Shannon Switzer
2008 Photo Contest Finalist

"[If money and time were no object] I would get lost for months at a time, wandering around the world like a fly on the wall…I would tell stories with the photos I gather to anyone willing to look and listen."


Tug Boat


Shannon Switzer

Experience a slideshow of Shannon Switzer's photos from across the globe.

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There are two bugs that have burrowed their way into the life of Shannon Switzer: the travel-bug and the shutterbug. A bite from either bug can shape your experiences, but to be bit by both means your life will be forever changed. You don’t follow the ordinary path, you are always looking for new stories to explore and you are driven to make your images and your adventures mean something. Throw in a passion for the environment and documenting the human relationship with it, and you start to get an idea of what drives photographer Shannon Switzer.

“I credit my parents, Alan and Vicki, with introducing me to the natural world…I blame my godparents, Michael and Jeanice, for causing the travel-bug to bite [me],” Shannon jokes. Growing up in North County, San Diego, Shannon’s parents had plenty of opportunities to foster a great love of the outdoors in their daughter--exploring the ocean by sailboat with her father and horseback riding in the nearby mountains with her mother.

Shannon’s first travel abroad experience was a high school graduation gift from her godparents to Belize. But her experience wasn’t what she had hoped for. “I was expecting to find an “untouched” tropical paradise in the middle of nowhere and was disappointed to the point of tears when we landed on one of the Cayes to find people and trash everywhere,” Shannon recalls. “That was when I realized that nature, wildlife, humans and man-made objects are often inextricable parts of the landscape for better or worse.” It was a lesson that Shannon would remember when she started pursuing photography.

The travel-bug bite allowed the shutterbug easy access when Shannon went abroad to Australia in college. “It began with a desire to document all of the incredible things I was seeing,” Shannon says. “I loved making images that allowed me to share what I was doing with friends and family back home.”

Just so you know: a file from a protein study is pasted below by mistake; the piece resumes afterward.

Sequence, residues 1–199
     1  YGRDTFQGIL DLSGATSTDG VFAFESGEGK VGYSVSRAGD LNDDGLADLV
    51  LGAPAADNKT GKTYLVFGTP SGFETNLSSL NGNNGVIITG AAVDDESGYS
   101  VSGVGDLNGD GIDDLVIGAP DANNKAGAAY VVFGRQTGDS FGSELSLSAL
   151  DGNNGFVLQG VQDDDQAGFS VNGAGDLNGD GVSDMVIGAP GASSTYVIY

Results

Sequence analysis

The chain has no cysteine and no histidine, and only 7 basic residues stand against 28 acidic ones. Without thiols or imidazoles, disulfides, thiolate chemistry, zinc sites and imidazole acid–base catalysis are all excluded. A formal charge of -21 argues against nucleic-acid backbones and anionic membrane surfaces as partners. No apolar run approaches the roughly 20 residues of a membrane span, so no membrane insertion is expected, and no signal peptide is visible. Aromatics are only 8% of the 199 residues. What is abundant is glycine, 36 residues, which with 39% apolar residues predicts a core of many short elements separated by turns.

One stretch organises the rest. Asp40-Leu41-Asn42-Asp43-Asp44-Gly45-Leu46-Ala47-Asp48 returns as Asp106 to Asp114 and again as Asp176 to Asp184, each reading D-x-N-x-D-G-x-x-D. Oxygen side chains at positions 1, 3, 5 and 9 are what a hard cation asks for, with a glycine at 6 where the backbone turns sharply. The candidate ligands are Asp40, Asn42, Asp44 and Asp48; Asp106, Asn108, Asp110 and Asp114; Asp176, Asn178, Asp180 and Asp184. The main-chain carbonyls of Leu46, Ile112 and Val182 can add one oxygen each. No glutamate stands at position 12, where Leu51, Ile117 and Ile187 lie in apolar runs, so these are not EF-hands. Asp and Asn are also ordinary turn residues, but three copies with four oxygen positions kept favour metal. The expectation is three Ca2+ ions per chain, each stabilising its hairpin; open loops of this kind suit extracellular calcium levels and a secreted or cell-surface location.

As her adventures continued, Shannon kept her camera at her side to document the journey, teaching herself along the way. She’s sailed and surfed from San Diego to Costa Rica, studied chimpanzees in Uganda and whale sharks in the Seychelles and escaped a watery grave off the coast of the Yucatan Peninsula after the captain of her boat lost his bearing during a violent storm.

Though her travels have taken her through all sorts of environments, the water is where she finds home. And where Shannon goes, her camera goes too. “Eventually I realized I could use photography as a powerful tool to help protect those natural places and things I enjoy so much,” she says.

Earlier this year, Shannon was awarded a National Geographic Explorers Grant for her documentary photography project on the health of the watershed system in San Diego County, and how it affects the health of the coastal waters. “I illustrated how the health of those water systems affects our own health as citizens who use it,” Shannon explains. “This includes anyone in San Diego who drinks fresh water, cooks with it and bathes in it, as well as those who immerse themselves in saltwater as beach-goers, surfers, fishermen and divers.”

“As I worked on the grant and told more people about it, I realized most people didn't even know we had rivers in San Diego and didn't believe that the pictures I showed them were taken of the watershed system here in our own backyard,” Shannon says. “The issues affecting our rivers and ocean in San Diego are similar to those faced by coastal communities around the world. So solutions we learn to implement here can potentially help further watershed conservation around the world.”

Shannon hopes that her photography gets people thinking. Often this means photographing scenes that aren’t ‘scenic’. “When I first began photographing, I deliberately included in the frame only the parts I thought should be there,” Shannon recalls. “However, I quickly realized this wasn’t an accurate portrayal and that I wasn’t telling the whole story.”

Her advice to photographers interested in taking a more conservation/story-telling path in their work is to: “Think about what it is you are photographing and why. Ask yourself: ‘Why do I want to take this picture and what do I want to say with it?’”

You can see Shannon’s work in National Geographic Traveler Magazine, Outside Magazine and Surfer Magazine.

Learn more about our past Photo Contest honorable mentions, finalists and winners.

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